Bad Paint Takes a While to Spot
> I concur with everything Slim said with one
> minor nit. Here's two extra cents worth. I
> took my '82 ZX to the shop I wanted to do
> the work -- I had seen other cars they
> painted and they were beautiful. They
> estimated $4,000, part of which was
> bodywork. I may still go to them if I ever
> get that flush. Another Z owner paid this
> shop $5,000 for his paint and the car is
> absolutely stunning. I don't think it looked
> that good on the showroom when new.
> One nit I might pick with Slim is that you
> CAN get a good new paint finish over the
> original paint IF THE ORIGINAL PAINT IS IN
> GOOD SHAPE. That is to say, not cracked or
> crazed. On a somewhat related subject, my
> feeling is a crappy paint job detracts from
> the value of an otherwise good car, as a
> real enthusiast will know he has to take all
> that junk paint off before he can put a
> decent paint job on.
> Why not contact a nearby trade school body
> class and see if they can do your car? I
> took a semester of one of these classes and
> we turned out some very nice work.
> Otherwise, try to find that guy who'll do
> work 'under the table' and do as much of the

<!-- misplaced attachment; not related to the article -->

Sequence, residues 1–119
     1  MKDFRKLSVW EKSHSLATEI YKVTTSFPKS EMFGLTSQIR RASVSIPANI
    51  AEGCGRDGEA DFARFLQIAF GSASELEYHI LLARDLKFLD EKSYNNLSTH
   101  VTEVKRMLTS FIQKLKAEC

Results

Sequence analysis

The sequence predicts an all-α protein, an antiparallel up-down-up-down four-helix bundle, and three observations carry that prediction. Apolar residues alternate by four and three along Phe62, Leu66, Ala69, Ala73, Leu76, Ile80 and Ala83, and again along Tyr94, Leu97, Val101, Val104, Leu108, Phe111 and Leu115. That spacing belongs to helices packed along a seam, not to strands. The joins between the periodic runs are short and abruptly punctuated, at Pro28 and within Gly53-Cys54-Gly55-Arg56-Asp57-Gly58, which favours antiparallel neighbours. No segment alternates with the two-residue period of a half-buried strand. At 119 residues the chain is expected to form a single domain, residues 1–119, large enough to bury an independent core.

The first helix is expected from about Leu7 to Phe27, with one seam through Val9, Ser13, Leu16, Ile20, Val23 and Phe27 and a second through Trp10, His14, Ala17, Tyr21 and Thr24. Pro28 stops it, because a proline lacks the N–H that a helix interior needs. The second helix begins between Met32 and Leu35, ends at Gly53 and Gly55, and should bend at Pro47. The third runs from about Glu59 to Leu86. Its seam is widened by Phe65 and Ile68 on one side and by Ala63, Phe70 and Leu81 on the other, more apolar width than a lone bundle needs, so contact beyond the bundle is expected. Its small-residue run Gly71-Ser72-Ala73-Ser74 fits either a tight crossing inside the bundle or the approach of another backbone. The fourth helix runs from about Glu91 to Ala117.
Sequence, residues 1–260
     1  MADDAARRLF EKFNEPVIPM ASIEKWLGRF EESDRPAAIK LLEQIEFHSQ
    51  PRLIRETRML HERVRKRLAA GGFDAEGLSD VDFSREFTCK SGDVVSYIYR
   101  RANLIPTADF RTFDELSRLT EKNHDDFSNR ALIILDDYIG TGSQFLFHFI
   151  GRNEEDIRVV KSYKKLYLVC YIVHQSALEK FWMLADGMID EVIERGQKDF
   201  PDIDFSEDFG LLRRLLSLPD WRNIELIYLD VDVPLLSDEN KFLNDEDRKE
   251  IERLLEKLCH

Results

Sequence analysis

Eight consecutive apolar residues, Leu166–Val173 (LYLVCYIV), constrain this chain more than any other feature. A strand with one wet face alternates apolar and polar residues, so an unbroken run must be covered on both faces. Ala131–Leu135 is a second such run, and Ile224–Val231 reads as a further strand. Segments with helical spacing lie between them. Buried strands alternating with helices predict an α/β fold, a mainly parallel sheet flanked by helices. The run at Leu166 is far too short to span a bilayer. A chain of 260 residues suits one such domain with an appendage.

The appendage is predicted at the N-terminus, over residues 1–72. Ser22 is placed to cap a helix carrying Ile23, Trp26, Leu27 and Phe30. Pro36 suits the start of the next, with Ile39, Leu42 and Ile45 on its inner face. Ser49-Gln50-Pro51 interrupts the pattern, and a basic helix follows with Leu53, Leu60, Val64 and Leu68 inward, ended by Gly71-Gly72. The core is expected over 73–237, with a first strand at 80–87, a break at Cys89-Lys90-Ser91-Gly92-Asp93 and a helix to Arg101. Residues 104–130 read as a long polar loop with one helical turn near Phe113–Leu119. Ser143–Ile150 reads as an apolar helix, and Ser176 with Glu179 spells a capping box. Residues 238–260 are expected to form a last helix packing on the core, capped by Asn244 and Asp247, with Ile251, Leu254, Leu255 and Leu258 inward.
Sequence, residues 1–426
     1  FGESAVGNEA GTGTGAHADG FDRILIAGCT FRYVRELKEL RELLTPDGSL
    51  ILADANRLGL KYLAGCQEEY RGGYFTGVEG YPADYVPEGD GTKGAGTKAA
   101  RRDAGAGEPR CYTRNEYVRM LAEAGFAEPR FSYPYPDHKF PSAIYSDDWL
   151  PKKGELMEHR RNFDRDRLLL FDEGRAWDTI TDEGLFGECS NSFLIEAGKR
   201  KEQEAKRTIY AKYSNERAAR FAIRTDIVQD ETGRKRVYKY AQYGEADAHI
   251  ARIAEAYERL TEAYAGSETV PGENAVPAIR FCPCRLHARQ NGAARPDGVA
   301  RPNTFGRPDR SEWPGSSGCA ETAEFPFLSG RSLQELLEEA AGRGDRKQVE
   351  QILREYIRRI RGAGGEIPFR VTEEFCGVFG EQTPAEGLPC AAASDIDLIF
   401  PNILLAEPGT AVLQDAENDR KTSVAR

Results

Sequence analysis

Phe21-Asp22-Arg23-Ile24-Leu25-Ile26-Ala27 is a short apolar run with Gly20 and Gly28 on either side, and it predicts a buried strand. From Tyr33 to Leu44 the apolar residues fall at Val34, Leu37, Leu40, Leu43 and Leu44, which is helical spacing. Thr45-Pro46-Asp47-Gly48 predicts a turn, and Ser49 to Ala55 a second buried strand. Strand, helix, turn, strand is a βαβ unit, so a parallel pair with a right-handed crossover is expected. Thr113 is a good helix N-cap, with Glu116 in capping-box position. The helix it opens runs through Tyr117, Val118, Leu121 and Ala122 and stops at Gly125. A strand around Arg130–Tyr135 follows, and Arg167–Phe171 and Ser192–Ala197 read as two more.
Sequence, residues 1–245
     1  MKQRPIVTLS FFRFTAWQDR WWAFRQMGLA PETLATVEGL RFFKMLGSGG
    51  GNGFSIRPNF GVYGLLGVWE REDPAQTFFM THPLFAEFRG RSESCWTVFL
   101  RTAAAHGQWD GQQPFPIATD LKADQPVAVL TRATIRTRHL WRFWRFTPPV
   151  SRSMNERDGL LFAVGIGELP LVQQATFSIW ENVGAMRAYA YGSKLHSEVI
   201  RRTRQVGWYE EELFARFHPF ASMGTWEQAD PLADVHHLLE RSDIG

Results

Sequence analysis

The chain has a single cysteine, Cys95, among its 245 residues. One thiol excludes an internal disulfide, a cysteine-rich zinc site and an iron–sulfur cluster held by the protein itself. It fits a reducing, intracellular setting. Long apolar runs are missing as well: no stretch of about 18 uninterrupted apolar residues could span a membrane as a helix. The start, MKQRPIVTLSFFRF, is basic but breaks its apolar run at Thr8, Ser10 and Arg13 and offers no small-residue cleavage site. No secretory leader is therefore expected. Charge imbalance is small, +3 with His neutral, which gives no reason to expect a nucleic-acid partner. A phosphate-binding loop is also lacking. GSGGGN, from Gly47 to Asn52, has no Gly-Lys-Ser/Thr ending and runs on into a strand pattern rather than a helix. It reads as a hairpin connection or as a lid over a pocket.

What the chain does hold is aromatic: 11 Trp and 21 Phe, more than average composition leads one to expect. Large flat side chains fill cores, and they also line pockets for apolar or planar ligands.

> prep as you can yourself.
Pretty much all auto paint looks great at first. That's because the hardest and riskiest parts of refinishing a car are in the metal preparation, sanding and priming, not in the masking and spraying. I've had cars and motorcycles restored to what looked like concourse condition only to have the paint jobs flake, chip, crack and peel off by the yard 3 months later.
When you find yourself in that fix, you have to strip all the bad paint off the car before you can even begin to repaint it. School shop classes are a bad bet, they don't guarantee their jobs will last. It's far better to have a professional who'll stand behind his work than a bargain that amounts up to a crap shoot.
If you have your hair cut at a barber college and you end up looking like a recent photo of Keith Richard, the problem will fix itself in a couple of weeks. Have paint slopped on your car by a pack of amateurs and you'll likely spend $4 to $5K before you get things straightened out. I know, my friends, I've been there.